Last offseason, the Yankees were interested in Drew, but were told that he would only consider clubs that could offer him a job as a shortstop.
Boston was able to make that offer, and after signing with the Red Sox, Drew performed well enough to have earned a qualifying offer from the club this offseason. The one-year, $14.1 million deal would've been the highest salary of Drew's career, but he turned it down, choosing to join a shortstop-light free agent class with the hope of landing a long-term deal. Now, it appears as though his position has become something of a hangup for interested teams.
Boston has expressed interest in bringing him back, but it might have to be in a utility-type role.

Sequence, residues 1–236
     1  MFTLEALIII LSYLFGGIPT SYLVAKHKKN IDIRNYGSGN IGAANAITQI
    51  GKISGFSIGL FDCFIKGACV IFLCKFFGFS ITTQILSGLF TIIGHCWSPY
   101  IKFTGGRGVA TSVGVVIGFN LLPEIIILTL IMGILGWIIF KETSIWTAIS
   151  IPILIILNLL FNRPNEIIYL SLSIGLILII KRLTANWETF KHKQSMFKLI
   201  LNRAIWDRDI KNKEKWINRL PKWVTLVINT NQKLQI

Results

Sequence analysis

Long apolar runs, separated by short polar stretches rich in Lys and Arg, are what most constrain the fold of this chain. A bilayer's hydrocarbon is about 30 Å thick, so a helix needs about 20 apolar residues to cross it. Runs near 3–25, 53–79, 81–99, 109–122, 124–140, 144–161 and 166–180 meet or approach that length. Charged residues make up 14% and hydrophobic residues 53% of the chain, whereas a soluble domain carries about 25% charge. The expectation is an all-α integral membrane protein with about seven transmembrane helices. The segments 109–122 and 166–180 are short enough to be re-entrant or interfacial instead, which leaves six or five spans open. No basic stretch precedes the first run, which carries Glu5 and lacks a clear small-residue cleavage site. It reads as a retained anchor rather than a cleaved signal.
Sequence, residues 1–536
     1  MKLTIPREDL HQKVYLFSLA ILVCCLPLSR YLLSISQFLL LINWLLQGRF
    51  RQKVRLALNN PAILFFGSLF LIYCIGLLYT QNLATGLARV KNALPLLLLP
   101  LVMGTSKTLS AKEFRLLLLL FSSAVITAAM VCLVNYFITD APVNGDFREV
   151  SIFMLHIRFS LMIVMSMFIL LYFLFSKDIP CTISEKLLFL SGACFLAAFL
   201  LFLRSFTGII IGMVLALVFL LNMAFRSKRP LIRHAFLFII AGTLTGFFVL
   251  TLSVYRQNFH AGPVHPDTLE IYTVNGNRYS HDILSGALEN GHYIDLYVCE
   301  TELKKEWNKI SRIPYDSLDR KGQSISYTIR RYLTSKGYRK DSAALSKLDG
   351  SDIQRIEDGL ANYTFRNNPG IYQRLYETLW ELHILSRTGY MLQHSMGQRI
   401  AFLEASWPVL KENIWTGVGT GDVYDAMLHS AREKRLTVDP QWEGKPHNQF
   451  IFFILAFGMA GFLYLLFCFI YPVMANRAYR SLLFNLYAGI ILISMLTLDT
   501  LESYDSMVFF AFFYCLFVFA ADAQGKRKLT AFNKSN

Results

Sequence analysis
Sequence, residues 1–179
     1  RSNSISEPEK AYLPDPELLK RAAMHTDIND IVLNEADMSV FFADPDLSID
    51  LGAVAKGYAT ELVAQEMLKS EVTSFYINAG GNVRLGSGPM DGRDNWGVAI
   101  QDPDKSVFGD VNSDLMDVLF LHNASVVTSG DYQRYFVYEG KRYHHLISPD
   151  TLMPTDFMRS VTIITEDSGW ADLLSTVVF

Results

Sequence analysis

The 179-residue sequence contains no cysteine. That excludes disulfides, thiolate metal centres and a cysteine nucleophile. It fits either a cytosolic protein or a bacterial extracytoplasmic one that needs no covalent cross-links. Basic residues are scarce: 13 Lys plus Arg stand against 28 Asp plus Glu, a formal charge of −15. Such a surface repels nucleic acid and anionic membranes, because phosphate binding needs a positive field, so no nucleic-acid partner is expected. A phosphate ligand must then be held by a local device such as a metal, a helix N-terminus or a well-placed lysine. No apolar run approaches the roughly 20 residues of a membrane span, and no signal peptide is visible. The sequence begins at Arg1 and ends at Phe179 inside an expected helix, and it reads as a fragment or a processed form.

Early on in their negotiations, Red Sox GM Ben Cherington let Drew and Boras know that the plans are for Xander Bogaerts to be the Boston shortstop, which might limit Drew to games at first, third and short against righthanded pitching.
The Yankees would like to sign Drew, but Derek Jeter is locked in as the everyday shortstop, even though he doesn't have as much range as he used to. Drew could fill in at second or third in New York, and spell Jeter at short or DH from time to time.
Drew might not start out the year at short in New York, but he's been a much better defender than Jeter over the last several years according to advanced fielding metrics. Drew can help his case for a new deal by being flexible, but the Yankees could probably help their case for another AL East pennant by asking Jeter to make a switch.